The amended rule brings about a pivotal change by providing tax relief to individuals who receive shares from public sector companies below their fair market value. Under the revised provision, section 52(2)(x) exempts such transactions from tax implications. Notably, the earlier exemption was confined to share sales by the government and did not encompass fresh issues of shares by the companies themselves. This expansion is anticipated to facilitate a more seamless and comprehensive application of the tax exemption in the context of strategic disinvestment initiatives.

To comprehend the significance of the amendment, it is essential to delve into the workings of Section 56(2)(x) of the Income Tax Act. This section is pivotal in the taxation of gifts and items received without consideration or for inadequate consideration. Encompassing various assets such as money, property, shares, securities, and more, the provision becomes applicable when these assets are received for no consideration or significantly less than their fair market value. Importantly, the Income Tax Act outlines specific instances when this provision does not apply, providing clarity on its scope.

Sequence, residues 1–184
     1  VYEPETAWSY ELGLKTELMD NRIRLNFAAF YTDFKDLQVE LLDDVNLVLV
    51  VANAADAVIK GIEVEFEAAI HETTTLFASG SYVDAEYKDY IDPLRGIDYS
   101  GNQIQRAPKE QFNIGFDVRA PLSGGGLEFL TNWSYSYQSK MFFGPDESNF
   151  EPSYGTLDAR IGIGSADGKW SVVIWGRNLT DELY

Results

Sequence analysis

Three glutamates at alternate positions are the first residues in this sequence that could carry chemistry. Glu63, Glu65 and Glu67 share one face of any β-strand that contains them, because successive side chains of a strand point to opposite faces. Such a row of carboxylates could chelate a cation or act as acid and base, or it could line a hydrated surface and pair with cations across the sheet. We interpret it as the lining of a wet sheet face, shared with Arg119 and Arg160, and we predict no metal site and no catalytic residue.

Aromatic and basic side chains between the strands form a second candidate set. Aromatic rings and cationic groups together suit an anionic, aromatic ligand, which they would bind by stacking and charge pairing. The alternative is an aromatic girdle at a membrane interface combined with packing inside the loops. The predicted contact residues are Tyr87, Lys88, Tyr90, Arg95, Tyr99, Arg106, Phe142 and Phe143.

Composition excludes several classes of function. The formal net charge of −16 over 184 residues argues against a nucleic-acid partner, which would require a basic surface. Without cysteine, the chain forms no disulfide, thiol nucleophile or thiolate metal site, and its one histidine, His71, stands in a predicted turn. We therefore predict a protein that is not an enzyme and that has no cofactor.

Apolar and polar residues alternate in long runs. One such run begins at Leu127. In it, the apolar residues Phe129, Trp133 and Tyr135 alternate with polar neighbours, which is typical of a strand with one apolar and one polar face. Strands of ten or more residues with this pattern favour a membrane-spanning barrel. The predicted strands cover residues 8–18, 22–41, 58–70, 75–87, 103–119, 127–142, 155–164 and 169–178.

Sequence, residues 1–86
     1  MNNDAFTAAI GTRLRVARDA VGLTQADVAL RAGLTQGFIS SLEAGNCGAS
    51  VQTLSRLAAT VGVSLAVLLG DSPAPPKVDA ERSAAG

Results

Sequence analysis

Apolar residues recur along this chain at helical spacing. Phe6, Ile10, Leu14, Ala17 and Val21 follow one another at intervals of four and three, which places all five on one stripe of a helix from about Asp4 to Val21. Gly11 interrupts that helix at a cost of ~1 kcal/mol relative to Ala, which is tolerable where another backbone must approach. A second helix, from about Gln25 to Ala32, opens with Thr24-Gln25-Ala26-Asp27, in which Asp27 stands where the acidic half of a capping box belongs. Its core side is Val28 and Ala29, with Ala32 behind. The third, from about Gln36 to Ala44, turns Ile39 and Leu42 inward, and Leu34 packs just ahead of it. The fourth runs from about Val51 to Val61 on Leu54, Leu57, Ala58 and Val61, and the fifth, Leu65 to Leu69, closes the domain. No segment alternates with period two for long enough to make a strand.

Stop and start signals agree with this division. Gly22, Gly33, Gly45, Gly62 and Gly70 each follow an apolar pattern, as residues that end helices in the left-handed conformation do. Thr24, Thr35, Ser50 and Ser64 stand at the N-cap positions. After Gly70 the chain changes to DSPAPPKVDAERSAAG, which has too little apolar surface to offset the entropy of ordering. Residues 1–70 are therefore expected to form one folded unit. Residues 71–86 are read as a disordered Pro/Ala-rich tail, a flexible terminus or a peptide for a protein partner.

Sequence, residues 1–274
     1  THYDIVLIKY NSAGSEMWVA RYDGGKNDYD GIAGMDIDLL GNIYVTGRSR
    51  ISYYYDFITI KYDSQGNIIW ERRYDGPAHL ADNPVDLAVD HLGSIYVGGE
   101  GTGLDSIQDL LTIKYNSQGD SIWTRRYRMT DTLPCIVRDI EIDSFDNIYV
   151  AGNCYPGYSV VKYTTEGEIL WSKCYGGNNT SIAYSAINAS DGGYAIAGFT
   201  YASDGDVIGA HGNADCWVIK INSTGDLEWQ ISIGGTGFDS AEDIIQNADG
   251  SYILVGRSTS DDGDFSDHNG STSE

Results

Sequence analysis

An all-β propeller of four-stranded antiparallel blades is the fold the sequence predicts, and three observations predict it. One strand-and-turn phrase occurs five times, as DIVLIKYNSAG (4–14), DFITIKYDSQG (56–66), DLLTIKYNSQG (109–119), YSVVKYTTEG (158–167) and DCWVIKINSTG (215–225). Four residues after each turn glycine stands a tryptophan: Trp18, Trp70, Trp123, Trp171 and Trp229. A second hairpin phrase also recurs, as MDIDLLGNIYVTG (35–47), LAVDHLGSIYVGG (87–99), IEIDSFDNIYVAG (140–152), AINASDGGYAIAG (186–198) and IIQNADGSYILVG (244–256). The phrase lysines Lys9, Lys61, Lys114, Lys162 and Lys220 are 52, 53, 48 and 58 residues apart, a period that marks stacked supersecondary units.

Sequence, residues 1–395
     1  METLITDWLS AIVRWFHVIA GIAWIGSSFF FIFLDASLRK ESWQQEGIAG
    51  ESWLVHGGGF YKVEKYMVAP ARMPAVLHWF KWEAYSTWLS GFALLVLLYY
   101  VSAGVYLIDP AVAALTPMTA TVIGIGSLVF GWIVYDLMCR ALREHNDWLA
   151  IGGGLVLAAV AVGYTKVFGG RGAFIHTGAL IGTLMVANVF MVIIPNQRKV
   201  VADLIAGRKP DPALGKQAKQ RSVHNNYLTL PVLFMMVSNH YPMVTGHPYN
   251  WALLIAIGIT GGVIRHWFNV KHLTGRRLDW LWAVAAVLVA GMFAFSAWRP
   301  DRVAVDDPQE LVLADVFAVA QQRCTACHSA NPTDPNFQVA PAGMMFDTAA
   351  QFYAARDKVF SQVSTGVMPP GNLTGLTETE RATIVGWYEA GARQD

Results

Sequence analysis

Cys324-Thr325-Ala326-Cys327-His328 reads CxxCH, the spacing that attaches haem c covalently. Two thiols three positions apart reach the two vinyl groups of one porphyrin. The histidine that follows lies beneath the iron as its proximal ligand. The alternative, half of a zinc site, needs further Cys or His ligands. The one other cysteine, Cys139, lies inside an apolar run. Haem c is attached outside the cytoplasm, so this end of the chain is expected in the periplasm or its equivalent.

The expanded tax exemption under section 52(2)(x) is poised to play a transformative role in the government’s disinvestment strategy. By removing tax implications for individuals receiving shares below market value, the amendment aims to incentivize participation in disinvestment initiatives. This move is expected to attract more investors, promote liquidity in the market for public sector company shares, and ultimately contribute to the success of the government’s disinvestment agenda.

Key transactions in the pipeline include the strategic sale of Shipping Corporation of India and Concor, privatization of IDBI Bank, and the listing of selected PSEs. The post-General Elections period is earmarked for the execution of these plans. Notably, the Interim Budget, set to be presented on February 1, is expected to signal the government’s intent to advance these pending transactions, with the final decision on disinvestment proceeds awaiting the full Budget later in the year.

Despite revenue shortfalls, optimism persists, driven by anticipated higher dividend proceeds and robust tax collections. Recent developments, such as the search for an advisor for the Bharat Bond Exchange Traded Fund, underscore the government’s proactive stance, although challenges, such as the cancellation of the strategic disinvestment of Salem Steel Plant due to a lack of interest, persist.